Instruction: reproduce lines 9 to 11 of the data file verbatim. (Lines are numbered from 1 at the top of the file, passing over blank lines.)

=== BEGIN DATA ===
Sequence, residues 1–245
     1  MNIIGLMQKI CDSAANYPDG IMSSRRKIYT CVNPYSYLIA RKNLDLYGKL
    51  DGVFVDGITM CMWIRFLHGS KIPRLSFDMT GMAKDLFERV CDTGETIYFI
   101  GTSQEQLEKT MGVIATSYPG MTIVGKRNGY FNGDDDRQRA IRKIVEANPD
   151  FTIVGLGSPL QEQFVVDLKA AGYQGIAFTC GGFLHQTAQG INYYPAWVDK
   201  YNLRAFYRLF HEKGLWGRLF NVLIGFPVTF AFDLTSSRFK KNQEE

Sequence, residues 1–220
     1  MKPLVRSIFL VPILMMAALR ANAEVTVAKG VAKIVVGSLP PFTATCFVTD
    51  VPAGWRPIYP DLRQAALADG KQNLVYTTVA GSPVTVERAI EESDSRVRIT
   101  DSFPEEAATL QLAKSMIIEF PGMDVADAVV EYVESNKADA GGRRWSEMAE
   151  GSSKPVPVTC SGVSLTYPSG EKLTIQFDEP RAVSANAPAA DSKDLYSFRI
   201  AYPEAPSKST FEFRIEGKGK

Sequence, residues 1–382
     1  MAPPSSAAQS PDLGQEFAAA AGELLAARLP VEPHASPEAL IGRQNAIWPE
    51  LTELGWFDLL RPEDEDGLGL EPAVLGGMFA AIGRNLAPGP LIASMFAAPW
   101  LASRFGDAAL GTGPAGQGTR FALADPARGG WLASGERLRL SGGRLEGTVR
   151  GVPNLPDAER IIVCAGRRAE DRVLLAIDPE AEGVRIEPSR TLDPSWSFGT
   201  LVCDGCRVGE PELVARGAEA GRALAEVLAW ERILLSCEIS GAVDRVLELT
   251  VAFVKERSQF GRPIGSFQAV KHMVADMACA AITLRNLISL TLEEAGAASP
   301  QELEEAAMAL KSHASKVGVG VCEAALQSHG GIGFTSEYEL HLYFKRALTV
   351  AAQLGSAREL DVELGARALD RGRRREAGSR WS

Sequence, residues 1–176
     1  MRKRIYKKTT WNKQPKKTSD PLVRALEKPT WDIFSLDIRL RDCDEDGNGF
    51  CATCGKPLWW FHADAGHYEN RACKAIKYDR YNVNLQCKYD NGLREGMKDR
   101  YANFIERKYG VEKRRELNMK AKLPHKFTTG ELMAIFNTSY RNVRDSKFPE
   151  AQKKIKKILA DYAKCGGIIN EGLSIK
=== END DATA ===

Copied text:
    51  VPAGWRPIYP DLRQAALADG KQNLVYTTVA GSPVTVERAI EESDSRVRIT
   101  DSFPEEAATL QLAKSMIIEF PGMDVADAVV EYVESNKADA GGRRWSEMAE
   151  GSSKPVPVTC SGVSLTYPSG EKLTIQFDEP RAVSANAPAA DSKDLYSFRI